When employees become active and speak up about issues they deeply care about, companies tend to be intimidated. Employee activism is on the rise – and leaders tend not to be prepared to deal with it. The first reaction might be to hit the mute button. “We do not comment on political issues,” is a common answer an employee might get when they try to push their organization out of the comfort zone.
However, silencing someone will not solve the problem. On the contrary, the energy and passion that one employee might be pouring into a certain topic could turn into anger and frustration. Mishandling employee activism can even be damaging. The solution at hand is to think about how that energy can be channeled to lead to a constructive outcome for everyone, internally or externally. Of course, communications are a central aspect that can facilitate this process.
Most commonly, companies provide some sort of platform for their employees to organize themselves around a common cause in networks. In English, they are often referred to as employee resource groups (ERGs). These groups create a room for discussions, knowledge sharing and driving inclusion. For example, Microsoft has nine such ERGs on a global level – and four on a local level in Switzerland. One for women, one for the LGBTQIA+ community, one for families, and one for people with disabilities. All of them are initiated, organized, and driven by the employees, making it truly a bottom-up effort. Still, each ERG has at least one executive sponsor, a member from the leadership team. On top of that, driving diversity and inclusion is a core priority of each Microsoft employee, connecting the ERGs work even further to the company’s overall strategy.
But these ERGs do not exist detached from the outside world. Looking at a more concrete example, the LGBTQIA+ ERG (also known as GLEAM) is also connected to an inter-company network, leveraging even more synergies. And naturally, the employees are also part of the Swiss society. So, it was no surprise the employees initiated a debate which stance Microsoft should take on the referendum on marriage equality in Switzerland in September 2021.
What to do? The decision was pretty clear: Microsoft has precedents of supporting marriage equality in the US, Germany, and Israel. Additionally, the company itself is very vocal on these matters, for example by celebrating the Pride Month each June. By not communicating its support publicly, Microsoft would lose credibility. And even worse, disappoint its own employees directly affected by the legal inequality. Thus, Microsoft has issued an official statement in June 2021. More companies joined later on.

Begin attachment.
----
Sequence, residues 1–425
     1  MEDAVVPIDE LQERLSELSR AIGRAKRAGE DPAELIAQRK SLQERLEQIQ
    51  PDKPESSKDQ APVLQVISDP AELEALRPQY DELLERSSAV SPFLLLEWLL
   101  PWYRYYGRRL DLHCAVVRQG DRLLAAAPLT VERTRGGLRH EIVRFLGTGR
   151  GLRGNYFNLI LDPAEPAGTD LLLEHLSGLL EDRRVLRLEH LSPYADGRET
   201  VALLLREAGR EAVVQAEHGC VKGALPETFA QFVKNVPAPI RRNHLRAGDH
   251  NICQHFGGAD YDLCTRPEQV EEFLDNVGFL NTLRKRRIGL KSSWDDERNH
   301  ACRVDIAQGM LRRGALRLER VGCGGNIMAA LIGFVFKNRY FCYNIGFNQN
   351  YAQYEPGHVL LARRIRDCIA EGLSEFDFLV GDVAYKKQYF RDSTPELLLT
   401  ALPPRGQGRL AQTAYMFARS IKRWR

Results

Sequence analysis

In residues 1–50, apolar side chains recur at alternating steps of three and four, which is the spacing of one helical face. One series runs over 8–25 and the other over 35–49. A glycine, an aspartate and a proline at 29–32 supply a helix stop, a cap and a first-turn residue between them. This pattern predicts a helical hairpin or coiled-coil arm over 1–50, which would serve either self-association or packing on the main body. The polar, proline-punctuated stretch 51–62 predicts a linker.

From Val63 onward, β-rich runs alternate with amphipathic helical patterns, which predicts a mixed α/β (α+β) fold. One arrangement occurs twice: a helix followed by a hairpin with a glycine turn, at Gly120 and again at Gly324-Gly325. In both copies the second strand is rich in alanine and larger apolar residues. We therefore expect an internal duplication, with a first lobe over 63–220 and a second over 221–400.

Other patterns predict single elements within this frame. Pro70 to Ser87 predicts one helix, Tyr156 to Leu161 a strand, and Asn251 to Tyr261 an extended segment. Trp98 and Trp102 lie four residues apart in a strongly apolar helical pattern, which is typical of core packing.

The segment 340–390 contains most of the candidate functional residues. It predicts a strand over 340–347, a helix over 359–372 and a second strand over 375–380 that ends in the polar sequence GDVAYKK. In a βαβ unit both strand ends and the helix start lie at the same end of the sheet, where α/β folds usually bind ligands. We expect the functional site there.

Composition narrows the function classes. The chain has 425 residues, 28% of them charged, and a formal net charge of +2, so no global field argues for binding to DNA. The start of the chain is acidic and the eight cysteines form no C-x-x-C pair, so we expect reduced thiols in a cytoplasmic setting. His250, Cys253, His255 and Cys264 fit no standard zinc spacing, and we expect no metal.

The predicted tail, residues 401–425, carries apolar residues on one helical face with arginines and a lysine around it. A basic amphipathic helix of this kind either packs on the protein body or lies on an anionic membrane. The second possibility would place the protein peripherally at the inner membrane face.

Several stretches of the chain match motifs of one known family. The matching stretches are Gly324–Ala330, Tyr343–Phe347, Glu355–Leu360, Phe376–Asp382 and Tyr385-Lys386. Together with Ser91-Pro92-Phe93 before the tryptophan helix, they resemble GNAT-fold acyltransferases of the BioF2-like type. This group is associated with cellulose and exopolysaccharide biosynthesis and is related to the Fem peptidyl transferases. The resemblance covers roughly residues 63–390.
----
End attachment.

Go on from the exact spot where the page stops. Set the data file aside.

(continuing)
The other question to answer was why: “Our customers are as diverse as the world. To create technology that empowers them, we need a workforce that reflects this diversity,” said Roger Altorfer, Executive Board Member of Microsoft Switzerland and the Executive Sponsor of GLEAM. “And to recruit the best talent, we need to create an environment in which everyone is welcome and valued.” This is not just important to Microsoft. “We believe it is also good for economies operating in a global context,” Altorfer argued. “Countries with inclusive economies have a competitive advantage from securing top talent and benefitting from the contributions of a diverse workforce. Therefore, this is also an opportunity for Switzerland. Most importantly, marriage equality makes sense not only economically, but also on a human level.”
In this case, the communications team played a vital role in mediating between all the parties involved internally as well as externally. It was the employees’ activism that not only led to Microsoft practicing what they preach, but also to contributed to the broader societal change. The people have voted in favor of marriage equality with a clear majority of 64.1 percent.
After all, the role of the communicators is also that of listeners. Therefore, we must listen carefully to what our employees have to say. And decide how we can best support them in making their voice heard.